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Rogers Customers Targeted After Outage

After a major outage prevented customers from using voice and data services for nearly 24 hours, Canadian telecommunications provider Rogers apologized on Twitter and offered customers an automatic credit on their bills. Seeing an opportunity here, malicious actors began sending SMS messages pretending to be from the telecom and prompted recipients to click on a link to receive their $50 CAD refund. A screenshot of one of the messages shows that the attacker didn’t set up a domain, opting instead to send only an IP address.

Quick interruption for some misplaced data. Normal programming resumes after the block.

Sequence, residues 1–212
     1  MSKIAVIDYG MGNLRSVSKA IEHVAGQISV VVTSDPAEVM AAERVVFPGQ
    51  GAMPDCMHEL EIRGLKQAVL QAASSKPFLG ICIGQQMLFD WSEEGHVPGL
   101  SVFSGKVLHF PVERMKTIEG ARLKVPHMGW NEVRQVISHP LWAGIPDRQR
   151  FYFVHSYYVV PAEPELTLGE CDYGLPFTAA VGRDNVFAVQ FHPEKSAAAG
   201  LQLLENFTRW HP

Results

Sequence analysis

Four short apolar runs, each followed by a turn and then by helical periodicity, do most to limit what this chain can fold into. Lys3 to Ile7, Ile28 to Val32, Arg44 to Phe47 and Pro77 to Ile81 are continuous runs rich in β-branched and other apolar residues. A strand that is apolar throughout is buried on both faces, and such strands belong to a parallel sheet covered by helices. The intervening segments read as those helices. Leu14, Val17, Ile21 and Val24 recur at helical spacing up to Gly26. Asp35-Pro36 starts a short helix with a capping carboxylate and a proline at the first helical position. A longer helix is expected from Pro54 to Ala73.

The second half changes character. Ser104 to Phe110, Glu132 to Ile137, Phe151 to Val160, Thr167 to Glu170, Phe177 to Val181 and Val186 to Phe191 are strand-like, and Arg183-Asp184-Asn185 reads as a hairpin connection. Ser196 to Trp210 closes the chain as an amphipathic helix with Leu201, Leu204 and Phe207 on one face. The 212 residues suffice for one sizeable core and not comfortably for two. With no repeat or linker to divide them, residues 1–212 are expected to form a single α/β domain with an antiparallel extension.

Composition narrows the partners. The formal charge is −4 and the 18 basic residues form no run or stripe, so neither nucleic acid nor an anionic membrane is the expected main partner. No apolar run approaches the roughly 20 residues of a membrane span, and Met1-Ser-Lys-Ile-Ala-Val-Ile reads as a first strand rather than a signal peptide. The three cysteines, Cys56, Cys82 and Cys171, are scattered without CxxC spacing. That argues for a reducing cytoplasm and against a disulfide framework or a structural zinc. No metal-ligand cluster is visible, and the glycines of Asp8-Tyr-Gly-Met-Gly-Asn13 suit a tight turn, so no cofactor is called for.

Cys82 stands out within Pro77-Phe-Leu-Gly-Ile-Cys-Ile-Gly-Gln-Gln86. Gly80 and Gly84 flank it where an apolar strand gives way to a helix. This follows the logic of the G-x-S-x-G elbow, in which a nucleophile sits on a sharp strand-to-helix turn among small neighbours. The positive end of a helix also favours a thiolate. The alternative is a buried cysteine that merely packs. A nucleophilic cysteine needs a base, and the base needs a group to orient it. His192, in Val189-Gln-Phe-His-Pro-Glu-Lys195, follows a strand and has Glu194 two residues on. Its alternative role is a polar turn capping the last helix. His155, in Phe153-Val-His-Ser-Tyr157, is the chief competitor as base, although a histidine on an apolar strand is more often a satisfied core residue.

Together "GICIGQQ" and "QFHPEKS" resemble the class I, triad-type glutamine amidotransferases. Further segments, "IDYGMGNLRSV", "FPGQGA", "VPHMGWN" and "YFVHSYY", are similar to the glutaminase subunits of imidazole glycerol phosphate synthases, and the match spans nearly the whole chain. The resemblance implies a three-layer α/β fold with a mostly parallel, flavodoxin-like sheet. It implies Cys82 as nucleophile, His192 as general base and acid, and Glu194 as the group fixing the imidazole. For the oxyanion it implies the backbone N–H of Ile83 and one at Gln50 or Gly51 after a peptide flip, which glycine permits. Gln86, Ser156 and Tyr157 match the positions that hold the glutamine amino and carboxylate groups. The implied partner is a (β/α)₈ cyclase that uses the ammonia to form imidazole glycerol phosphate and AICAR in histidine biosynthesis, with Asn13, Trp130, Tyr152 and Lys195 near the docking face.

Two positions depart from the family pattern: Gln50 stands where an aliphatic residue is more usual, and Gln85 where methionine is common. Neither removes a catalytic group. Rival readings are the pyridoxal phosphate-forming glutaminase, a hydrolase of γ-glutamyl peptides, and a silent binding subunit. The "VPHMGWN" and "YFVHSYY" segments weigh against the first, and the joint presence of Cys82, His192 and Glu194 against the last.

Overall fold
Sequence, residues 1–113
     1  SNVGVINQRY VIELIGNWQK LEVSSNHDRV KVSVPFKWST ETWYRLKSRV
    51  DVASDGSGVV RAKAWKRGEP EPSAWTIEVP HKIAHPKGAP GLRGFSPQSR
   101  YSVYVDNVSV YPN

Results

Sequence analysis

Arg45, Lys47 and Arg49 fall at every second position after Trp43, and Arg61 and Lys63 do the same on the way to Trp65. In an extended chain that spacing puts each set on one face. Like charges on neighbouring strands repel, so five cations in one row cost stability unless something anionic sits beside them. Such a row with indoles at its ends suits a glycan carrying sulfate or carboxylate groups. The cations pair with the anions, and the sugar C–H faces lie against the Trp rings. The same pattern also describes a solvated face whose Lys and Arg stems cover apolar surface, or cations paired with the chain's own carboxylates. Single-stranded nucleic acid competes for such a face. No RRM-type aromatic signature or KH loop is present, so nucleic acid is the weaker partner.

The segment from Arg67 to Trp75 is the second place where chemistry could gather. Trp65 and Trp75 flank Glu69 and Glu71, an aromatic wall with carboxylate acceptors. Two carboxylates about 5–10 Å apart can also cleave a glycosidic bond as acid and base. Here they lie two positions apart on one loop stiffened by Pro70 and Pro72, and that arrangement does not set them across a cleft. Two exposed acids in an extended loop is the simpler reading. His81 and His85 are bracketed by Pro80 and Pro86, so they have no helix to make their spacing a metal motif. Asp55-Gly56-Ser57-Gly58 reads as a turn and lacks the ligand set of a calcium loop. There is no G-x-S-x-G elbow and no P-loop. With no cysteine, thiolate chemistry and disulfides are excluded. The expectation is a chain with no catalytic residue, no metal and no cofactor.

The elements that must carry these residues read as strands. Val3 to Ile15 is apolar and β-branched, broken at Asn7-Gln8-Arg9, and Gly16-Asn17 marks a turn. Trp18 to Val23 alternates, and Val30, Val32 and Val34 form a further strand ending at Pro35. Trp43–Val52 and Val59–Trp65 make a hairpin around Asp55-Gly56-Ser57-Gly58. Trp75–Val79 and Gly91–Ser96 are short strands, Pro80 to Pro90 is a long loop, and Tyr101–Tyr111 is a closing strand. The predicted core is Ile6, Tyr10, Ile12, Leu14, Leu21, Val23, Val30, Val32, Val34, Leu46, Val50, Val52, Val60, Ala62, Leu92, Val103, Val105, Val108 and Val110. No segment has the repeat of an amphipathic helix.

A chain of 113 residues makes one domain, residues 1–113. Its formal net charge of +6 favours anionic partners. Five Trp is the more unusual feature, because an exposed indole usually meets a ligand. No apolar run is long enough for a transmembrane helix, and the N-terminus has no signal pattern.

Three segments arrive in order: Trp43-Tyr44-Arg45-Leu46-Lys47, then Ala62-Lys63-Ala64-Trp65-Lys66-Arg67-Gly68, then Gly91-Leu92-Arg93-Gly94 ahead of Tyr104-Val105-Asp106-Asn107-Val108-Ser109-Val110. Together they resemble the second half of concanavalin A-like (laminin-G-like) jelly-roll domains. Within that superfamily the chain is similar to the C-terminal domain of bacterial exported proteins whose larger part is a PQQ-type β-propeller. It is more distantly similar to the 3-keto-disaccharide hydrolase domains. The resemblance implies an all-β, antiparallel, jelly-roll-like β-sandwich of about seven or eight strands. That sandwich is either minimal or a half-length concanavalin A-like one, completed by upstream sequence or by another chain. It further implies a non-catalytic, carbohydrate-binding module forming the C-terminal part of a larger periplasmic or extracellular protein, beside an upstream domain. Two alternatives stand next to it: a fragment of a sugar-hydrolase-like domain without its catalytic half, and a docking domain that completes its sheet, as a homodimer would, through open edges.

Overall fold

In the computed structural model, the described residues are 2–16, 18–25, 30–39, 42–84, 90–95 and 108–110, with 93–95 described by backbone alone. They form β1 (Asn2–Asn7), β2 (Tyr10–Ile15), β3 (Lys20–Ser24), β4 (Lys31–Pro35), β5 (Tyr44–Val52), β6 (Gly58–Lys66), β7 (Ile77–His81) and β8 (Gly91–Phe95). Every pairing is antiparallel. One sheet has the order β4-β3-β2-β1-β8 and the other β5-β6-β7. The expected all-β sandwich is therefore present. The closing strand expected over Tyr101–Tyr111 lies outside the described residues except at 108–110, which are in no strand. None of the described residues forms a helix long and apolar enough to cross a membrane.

Source: Twitter

Analyst Notes

Analyst Notes: When communicating via SMS, telecommunications providers typically opt to send messages from what is known as a “short code.” These are much shorter than typical phone numbers, making them stand out when receiving a message. Looking at the link as well, receiving an IP address rather than a domain should appear suspicious as well. If you are ever unsure about a message received by a company through email or SMS, visit that company’s website directly or try contacting them to verify it instead of clicking on the link.